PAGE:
Displayed at the heritage fair at Odessa, Ontario several weeks ago. Happily, V. B. Simkins is still in business, and has a fascinating history.
At one time, there were a huge number of factories making sewing machines in Canada. See Needlebar for the full list.
John W. Abbott founded a small sewing machine company in St. Catharines around 1865. Six years later, with the help of 12 men and a 3 horse power steam engine, the "manufactory" was cranking out 2500 machines a year. Its machines gained a reputation for reliability.
According to a 1980 article, "A Stitch in Time: Sewing Machine Industry of Ontario, 1860-1897" by Martha Eckmann Brent of the Ontario Museum Association:
"The Abbott Company manufactured a single-thread machine called Abbott's Noiseless Family Sewing Machine. This small machine was peculiar in that unlike most chain-stitch machines it could be worked either by hand or treadle. The Abbott was arranged for either light or heavy sewing and to prove its "combination" qualities it was put to the test at the 1867 Provincial Exhibition. The machine, which "walked through a piece of shingle and a fine piece of muslin, without change of needle," was awarded a first class prize and diploma over such competitors as Howe, Singer, Wheeler and Wilson, and various other Canadian machines.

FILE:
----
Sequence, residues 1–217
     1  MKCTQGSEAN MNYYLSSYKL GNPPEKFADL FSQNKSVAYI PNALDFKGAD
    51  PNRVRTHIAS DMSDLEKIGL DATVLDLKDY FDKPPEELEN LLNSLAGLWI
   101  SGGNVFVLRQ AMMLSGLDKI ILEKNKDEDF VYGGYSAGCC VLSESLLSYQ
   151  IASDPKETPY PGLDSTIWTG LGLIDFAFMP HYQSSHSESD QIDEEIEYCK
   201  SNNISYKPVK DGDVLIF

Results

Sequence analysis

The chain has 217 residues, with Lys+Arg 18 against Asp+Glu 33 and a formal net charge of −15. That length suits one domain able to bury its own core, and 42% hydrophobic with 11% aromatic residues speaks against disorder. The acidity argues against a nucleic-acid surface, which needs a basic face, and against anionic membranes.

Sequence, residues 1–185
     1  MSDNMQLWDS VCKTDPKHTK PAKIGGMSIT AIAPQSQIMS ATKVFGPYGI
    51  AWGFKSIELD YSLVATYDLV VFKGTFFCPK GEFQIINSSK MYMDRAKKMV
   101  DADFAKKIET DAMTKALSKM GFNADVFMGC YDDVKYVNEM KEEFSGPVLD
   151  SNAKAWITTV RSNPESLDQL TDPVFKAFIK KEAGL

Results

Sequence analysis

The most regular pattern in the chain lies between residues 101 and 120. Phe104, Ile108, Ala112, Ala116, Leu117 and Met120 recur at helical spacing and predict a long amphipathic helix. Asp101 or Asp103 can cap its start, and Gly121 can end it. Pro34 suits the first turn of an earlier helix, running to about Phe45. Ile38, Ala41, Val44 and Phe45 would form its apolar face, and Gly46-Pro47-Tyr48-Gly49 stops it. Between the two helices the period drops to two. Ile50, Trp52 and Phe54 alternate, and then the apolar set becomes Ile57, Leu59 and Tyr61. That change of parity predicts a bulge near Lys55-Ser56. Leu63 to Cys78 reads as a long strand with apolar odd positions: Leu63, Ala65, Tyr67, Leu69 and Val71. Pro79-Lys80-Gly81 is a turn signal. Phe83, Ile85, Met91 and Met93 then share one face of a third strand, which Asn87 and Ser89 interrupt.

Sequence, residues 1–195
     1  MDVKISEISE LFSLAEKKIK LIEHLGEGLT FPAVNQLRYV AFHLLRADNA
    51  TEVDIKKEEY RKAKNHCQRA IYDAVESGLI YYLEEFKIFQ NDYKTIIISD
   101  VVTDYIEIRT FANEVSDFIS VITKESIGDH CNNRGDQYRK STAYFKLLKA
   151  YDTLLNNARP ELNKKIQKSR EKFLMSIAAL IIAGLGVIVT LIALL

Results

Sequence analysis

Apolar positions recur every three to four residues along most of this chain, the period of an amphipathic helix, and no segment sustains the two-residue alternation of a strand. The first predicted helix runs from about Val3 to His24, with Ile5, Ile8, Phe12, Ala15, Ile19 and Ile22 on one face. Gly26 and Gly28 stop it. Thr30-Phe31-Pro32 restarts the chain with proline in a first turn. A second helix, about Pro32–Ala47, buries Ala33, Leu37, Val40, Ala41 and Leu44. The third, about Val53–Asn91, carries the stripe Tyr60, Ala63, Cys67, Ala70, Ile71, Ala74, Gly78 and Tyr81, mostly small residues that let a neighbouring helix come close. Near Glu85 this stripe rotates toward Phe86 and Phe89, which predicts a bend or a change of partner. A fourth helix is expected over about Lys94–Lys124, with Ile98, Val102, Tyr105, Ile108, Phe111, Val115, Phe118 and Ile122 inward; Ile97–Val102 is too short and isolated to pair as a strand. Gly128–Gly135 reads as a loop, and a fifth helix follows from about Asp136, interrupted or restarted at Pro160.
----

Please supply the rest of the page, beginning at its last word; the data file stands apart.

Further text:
Although Abbott's machines were manufactured in St. Catharines, they were sold through two general agents in Toronto: G.W. Grout and Company (until 1868) and W.H. White and Company (1868-72). Acclaimed as the best family sewing machine, single- or double-thread, that could be purchased anywhere for the price, the Abbott sold in 1868 for fifteen dollars by itself or twenty-three dollars with a black walnut stand.
John W. Abbott died in 1872 and although his two sons were involved in the business, the company did not continue manufacturing after the death of its founder."